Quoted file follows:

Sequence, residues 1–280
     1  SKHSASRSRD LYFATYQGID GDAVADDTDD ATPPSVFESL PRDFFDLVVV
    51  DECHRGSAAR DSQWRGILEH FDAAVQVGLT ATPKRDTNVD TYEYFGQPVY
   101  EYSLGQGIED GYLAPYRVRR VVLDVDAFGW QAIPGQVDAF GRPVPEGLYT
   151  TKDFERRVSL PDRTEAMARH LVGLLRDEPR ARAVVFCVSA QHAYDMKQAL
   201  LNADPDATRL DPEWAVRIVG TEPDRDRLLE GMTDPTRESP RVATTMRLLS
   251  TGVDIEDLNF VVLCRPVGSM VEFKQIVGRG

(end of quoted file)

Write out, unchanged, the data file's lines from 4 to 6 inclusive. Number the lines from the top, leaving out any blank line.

   101  EYSLGQGIED GYLAPYRVRR VVLDVDAFGW QAIPGQVDAF GRPVPEGLYT
   151  TKDFERRVSL PDRTEAMARH LVGLLRDEPR ARAVVFCVSA QHAYDMKQAL
   201  LNADPDATRL DPEWAVRIVG TEPDRDRLLE GMTDPTRESP RVATTMRLLS